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Property developers, architects, doctors, ICT companies, shipping lines, construction companies and hardware dealers have already established bases in Nyali.
A construction boom is taking place in Mombasa’s Nyali area as the Nyali Bridge traffic jam discourages people from driving down town. Land is also shrinking in the island leaving no space to put up office blocks.

As a result, Nyali is now being seen by investors as the next investment frontier as office blocks come up, which has seen the value of land there double in the past three years.

Property developers, architects, doctors, ICT companies, shipping lines, construction companies and hardware dealers have already established bases in Nyali.

The hitherto quiet part of Mombasa has thus been replaced by the hustle and bustle of a growing town with construction work going on 24 hours a day. The result? Mombasa is now expanding further afield to Vipingo, about 20 kilometres away on Malindi Road.

However, concerns are emerging on whether Nyali, previously owned and planned for high-end residential houses has adequate amenities to support this transformation.

It means that Nyali will have to have modern facilities such as fibre optic connectivity and bio-digestive systems to manage waste. Well designed car parks as well.

Already shopping malls are accommodating supermarkets while recreational grounds, such as the Nyali Golf Club and the Wild Waters Entertainment Park, are easing off pressure from the down town.

It would also appear that market dynamics are working in favour of Nyali. The area is home to a sizable middle class, which according to developers, already provides sufficient demand for such developments.

In May the Housing Finance Corporation of Kenya launched its first commercial property venture in Mombasa and is financing a Sh180 million office space complex in Nyali.

HFCK managing director, Mr Frank Ireri, says the construction of the six-storey block Links Plaza in Nyali is aimed at reducing pressure on Mombasa Island and providing office space outside the town for convenience.

“Due to population growth, Mombasa has become crowded and there is need to move out of town so that services are not stretched further. This is happening in Nairobi where offices are moving out of the central business district.”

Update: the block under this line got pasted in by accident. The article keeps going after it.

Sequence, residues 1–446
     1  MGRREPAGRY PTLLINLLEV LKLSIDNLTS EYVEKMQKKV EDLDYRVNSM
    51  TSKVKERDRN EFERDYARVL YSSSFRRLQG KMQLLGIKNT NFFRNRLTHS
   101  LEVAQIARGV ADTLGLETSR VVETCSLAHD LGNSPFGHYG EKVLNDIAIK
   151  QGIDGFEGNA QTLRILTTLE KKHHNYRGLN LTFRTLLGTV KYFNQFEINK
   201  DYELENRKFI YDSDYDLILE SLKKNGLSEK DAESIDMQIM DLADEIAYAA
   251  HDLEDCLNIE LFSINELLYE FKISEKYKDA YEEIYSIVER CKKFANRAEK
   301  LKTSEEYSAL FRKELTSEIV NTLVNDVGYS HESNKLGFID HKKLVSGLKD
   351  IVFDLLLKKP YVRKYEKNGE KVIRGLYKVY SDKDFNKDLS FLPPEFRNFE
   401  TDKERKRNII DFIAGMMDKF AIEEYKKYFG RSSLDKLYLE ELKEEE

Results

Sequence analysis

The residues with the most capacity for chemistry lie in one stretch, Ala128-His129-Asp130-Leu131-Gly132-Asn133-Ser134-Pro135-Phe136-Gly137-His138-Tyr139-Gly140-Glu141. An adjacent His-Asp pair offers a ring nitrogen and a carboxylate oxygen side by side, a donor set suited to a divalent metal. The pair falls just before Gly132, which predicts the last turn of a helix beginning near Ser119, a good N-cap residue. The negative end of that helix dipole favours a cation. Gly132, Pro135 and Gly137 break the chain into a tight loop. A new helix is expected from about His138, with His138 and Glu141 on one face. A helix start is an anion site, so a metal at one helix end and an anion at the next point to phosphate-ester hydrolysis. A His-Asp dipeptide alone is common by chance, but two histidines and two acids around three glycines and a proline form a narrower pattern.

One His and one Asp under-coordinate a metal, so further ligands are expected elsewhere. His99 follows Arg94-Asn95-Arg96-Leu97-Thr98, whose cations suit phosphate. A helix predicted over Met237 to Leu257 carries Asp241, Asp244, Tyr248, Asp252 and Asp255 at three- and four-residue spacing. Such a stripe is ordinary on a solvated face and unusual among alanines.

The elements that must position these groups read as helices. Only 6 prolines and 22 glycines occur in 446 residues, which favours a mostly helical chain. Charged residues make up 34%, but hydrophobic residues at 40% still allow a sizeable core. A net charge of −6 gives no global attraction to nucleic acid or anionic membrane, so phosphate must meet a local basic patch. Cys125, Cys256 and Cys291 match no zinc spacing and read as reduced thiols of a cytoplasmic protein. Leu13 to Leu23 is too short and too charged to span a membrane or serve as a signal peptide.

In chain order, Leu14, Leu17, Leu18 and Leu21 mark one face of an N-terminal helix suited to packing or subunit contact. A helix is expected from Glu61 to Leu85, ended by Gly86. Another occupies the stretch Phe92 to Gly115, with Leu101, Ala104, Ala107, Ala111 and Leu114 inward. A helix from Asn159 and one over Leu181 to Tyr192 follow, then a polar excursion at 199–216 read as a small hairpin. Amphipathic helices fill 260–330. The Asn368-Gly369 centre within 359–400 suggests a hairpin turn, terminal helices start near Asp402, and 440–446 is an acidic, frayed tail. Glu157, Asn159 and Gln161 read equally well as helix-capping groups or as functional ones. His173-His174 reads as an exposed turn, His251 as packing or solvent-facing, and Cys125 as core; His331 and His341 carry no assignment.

The bank will finance 70 per cent of the cost of the project and the developers are introducing a unique concept in which businesses will obtain mortgages to enable them to own offices rather than relying on renting, says the bank’s director of property supply Moses Wekesa.

“We will provide finance for premise ownership running up to 12 years and business owners will have the advantage of subletting any space they do not need,” says Wekesa. The building will be ready for occupation by the end of next year.

The project architect, Titus Kipsang of Symbion International says the building will have a backup-generator, fibre optic connectivity, solar powered common lighting system, 24-hour CCTV surveillance, secure parking and splendid ocean views.

However, one of the major challenges facing this development is lack of supportive amenities such as water and sewerage systems since the initial plan for the area didn’t put into consideration such huge developments.

Some plot owners in Nyali have also protested that they are being deprived of their privacy and have gone to court to block construction.
According to Mombasa Town Clerk Tubman Otieno, Nyali residents should live with the realities of Mombasa’s expansion.

“We must accept that Mombasa town has grown over the years but there has been no Municipal resolution to control development of houses,” says Tubman adding that the municipality was developing a master plan.

According to Tubman, the municipality will benefit from a $15 million (Sh1.2 billion) fund from the World Bank to upgrade the sewerage system covering a 17-kilometre radius that will include Nyali it plans to “concessionise” roads and improve waste management system by partnering with the private sector.

“We are even mulling over floating an infrastructure bond of between five to ten billion shillings to finance various projects the council is undertaking,” says Tubman.

In regard to water, the Coast Water Services Board (CWSB) says it will present a sewerage investment plan to the Water ministry mid next year, for approval after which it will seek funding to develop a sewerage system.

“Once the plan is complete we hope to pump in about $3 million (Sh240 million) in the project’s initial stages,” says CWSB chief executive officer Maro Tola.
But according to some qur developers should also take the initiative of coming up with measures to provide fresh water as a matter of urgency rather than wait for these projects that might take long thus delaying developments.

“Rain water can provide up to 40 per cent of the water needs of an office block and developers should put in place infrastructure to harvest it. Other measures such as de-salination of sea water can also address this problem,” says a developer.